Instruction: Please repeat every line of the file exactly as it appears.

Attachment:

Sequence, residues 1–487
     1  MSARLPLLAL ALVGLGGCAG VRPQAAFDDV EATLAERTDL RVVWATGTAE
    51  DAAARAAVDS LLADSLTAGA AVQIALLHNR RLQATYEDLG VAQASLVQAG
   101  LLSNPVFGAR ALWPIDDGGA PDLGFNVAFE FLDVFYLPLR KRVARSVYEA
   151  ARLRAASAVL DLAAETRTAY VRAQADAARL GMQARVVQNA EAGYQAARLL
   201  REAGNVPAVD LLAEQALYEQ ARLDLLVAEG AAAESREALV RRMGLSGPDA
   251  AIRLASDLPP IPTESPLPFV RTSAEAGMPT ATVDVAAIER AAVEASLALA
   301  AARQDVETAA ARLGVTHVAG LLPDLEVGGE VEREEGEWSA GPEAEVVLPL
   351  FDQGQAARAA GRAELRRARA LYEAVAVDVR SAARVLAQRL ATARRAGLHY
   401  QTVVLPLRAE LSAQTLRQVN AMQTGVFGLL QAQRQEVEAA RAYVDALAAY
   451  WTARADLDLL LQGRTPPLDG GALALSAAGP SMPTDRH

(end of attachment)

Sequence, residues 1–487
     1  MSARLPLLAL ALVGLGGCAG VRPQAAFDDV EATLAERTDL RVVWATGTAE
    51  DAAARAAVDS LLADSLTAGA AVQIALLHNR RLQATYEDLG VAQASLVQAG
   101  LLSNPVFGAR ALWPIDDGGA PDLGFNVAFE FLDVFYLPLR KRVARSVYEA
   151  ARLRAASAVL DLAAETRTAY VRAQADAARL GMQARVVQNA EAGYQAARLL
   201  REAGNVPAVD LLAEQALYEQ ARLDLLVAEG AAAESREALV RRMGLSGPDA
   251  AIRLASDLPP IPTESPLPFV RTSAEAGMPT ATVDVAAIER AAVEASLALA
   301  AARQDVETAA ARLGVTHVAG LLPDLEVGGE VEREEGEWSA GPEAEVVLPL
   351  FDQGQAARAA GRAELRRARA LYEAVAVDVR SAARVLAQRL ATARRAGLHY
   401  QTVVLPLRAE LSAQTLRQVN AMQTGVFGLL QAQRQEVEAA RAYVDALAAY
   451  WTARADLDLL LQGRTPPLDG GALALSAAGP SMPTDRH